BAGHDAD Iraqi and U.S. officials say al Qaeda is rebuilding in Iraq.
The officials say the extremist group has set up training camps for insurgents in the nation's western deserts, seizing on regional instability and government security failures.
Iraq has seen a jump in al Qaeda attacks over the last 10 weeks, and officials believe most of the fighters are former prisoners who have either escaped from jail or were released by Iraqi authorities for lack of evidence after the U.S. military withdrawal last December. Many are said to be Saudi or from Sunni-dominated Gulf states.
During the war and its aftermath, U.S. forces, joined by allied Sunni groups and later by Iraqi counterterror forces, managed to beat back al Qaeda's Iraqi branch.
But now, Iraqi and U.S. officials say, the insurgent group has more than doubled in numbers from a year ago to about 2,500 fighters. And Pentagon data shows it is carrying out an average of 140 attacks a week.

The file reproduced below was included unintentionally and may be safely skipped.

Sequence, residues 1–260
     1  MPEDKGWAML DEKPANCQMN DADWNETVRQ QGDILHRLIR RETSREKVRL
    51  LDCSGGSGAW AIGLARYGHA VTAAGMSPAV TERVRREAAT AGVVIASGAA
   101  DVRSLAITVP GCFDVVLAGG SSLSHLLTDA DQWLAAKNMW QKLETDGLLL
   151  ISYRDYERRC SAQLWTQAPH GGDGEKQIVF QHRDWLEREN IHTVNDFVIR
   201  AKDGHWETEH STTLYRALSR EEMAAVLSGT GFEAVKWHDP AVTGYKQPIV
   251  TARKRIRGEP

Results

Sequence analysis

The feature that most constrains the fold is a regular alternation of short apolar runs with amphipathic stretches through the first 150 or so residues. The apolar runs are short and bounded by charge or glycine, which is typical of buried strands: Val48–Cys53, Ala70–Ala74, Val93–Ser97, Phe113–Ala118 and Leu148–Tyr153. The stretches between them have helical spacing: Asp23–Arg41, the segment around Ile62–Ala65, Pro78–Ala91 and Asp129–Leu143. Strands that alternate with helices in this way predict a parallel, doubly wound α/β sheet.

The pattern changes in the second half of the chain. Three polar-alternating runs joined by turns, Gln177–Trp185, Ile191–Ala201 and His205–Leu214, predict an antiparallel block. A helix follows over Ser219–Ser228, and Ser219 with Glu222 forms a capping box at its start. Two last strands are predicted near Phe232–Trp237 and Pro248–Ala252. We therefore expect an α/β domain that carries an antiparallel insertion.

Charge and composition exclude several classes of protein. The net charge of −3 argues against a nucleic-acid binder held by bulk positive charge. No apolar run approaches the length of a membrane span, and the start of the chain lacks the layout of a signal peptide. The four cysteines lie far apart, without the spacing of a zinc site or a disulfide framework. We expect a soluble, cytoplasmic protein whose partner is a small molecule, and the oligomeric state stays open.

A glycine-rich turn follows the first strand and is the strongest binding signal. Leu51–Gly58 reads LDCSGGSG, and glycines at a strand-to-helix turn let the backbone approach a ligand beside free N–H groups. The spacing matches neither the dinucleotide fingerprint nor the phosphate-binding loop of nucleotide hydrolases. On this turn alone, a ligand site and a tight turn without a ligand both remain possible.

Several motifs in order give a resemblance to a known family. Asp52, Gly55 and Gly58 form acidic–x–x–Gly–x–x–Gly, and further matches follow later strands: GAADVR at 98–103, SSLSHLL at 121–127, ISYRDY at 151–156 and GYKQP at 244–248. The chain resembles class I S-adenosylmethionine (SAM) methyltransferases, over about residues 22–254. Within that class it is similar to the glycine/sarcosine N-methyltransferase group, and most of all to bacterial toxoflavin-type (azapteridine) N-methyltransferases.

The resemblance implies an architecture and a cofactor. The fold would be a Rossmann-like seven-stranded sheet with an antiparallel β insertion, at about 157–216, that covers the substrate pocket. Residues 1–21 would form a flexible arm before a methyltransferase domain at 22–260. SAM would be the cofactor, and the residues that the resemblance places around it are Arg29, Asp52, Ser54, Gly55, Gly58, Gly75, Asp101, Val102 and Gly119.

In late September, dozens of prisoners -- including many al Qaeda suspects -- seized weapons and set off hours-long clashes with security guards at a prison in Saddam Hussein's hometown that left 12 dead, including 10 guards, before numerous inmatesfrom the facility, Iraqi officials said.
It is still unclear whether al Qaeda was directly responsible for initiating the break. Prison breaks continue to be a problem plaguing the Shiite-led government.
The violence erupted on Thursday night, said Mohammed al-Assi, the spokesman for Salahuddin province where Tikrit is located. Several inmates broke into the prison storeroom and grabbed weapons kept there, overpowering the guards, he said.
The prisoners then engaged in an hours-long gun battle with the security troops inside the facility before breaking out of the prison on Friday morning. Security troops later regained control of the prison, an official said.